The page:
Objectives. To compare the laparoscopic donor nephrectomy (LDN) results obtained by two different surgical teams, one consisting of a proficient laparoscopic surgeon assisted by an inexperienced laparoscopic surgeon and another consisting of two proficient laparoscopic surgeons. With more centers embarking on LDN programs, it is important to identify the factors that can improve overall outcomes during the initial learning curve. Methods. A retrospective review was performed of the initial 70 sequential LDNs performed between October 1998 and March 2001 at our institutions. The procedures were stratified into two groups. Group 1 consisted of LDN cases performed by one proficient laparoscopic surgeon and an inexperienced laparoscopic surgeon (resident, fellow, or faculty) as the first assistant; group 2 consisted of cases performed by two proficient laparoscopic surgeons. Results. Twenty-six LDNs were performed by group 1 and 44 by group 2. The total operative time and estimated blood loss showed a statistically significant decrease in group 2 compared with group 1, 143 ± 32 minutes versus 218 ± 38 minutes (P <0.001) and 92 ± 115 mL versus 158 ± 148 mL (P = 0.044), respectively. Two major complications occurred in group 1 (7.7%) and two major complications occurred in group 2 (4.5%). The 3-month postoperative recipient creatinine levels were similar for both groups, 1.6 ± 1.3 versus 1.4 ± 0.4 (P = 0.408). Conclusions. A surgical team composed of two proficient laparoscopic surgeons during the early learning curve of LDN may allow safe and efficient development of a laparoscopic live donor renal transplantation program.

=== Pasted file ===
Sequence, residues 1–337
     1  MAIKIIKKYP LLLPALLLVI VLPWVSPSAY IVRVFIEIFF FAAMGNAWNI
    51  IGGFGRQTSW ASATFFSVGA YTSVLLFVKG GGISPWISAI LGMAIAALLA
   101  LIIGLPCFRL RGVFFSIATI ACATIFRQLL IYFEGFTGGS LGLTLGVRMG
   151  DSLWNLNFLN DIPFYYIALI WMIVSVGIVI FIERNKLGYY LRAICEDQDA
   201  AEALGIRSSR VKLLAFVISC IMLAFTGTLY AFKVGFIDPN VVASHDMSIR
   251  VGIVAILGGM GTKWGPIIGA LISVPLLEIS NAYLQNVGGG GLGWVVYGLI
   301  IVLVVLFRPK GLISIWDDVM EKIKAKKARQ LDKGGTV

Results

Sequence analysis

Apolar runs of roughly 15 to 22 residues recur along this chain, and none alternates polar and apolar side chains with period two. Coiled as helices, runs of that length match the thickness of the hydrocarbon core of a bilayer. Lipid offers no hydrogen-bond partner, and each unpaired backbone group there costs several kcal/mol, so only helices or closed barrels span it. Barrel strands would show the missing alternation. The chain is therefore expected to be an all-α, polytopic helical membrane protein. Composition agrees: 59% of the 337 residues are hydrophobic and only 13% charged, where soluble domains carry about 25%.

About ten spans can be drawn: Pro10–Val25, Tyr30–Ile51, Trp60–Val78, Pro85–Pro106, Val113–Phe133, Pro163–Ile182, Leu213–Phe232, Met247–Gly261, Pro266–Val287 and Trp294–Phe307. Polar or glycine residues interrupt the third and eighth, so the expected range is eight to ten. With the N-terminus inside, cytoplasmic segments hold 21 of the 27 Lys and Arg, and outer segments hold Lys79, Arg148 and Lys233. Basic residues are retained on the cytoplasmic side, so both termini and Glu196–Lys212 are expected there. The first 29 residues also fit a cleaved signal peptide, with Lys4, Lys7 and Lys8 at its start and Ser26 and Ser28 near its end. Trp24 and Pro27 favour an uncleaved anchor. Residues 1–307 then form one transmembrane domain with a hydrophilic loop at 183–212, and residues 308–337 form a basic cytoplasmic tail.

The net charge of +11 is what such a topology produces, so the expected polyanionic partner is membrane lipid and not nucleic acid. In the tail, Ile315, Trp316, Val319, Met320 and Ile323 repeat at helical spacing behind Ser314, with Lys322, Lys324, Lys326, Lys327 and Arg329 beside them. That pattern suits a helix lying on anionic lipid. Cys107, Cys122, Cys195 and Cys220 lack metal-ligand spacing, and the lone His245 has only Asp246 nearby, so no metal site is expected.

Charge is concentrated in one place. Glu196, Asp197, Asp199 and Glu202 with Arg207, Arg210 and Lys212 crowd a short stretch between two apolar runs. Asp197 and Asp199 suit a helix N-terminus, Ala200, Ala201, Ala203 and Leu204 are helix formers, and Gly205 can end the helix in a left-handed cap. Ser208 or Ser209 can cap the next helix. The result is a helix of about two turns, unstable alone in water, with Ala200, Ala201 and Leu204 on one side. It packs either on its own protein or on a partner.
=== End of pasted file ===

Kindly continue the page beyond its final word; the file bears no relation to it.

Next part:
ASJC Scopus subject areas